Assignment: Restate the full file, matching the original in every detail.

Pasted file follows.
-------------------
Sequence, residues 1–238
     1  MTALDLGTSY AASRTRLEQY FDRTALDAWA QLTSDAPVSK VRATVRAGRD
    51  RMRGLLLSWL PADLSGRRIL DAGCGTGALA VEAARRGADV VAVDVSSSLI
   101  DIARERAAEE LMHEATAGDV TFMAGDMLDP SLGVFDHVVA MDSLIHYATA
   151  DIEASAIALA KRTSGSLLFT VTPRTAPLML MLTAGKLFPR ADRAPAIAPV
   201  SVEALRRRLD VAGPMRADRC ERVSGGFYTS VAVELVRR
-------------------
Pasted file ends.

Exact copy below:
Sequence, residues 1–238
     1  MTALDLGTSY AASRTRLEQY FDRTALDAWA QLTSDAPVSK VRATVRAGRD
    51  RMRGLLLSWL PADLSGRRIL DAGCGTGALA VEAARRGADV VAVDVSSSLI
   101  DIARERAAEE LMHEATAGDV TFMAGDMLDP SLGVFDHVVA MDSLIHYATA
   151  DIEASAIALA KRTSGSLLFT VTPRTAPLML MLTAGKLFPR ADRAPAIAPV
   201  SVEALRRRLD VAGPMRADRC ERVSGGFYTS VAVELVRR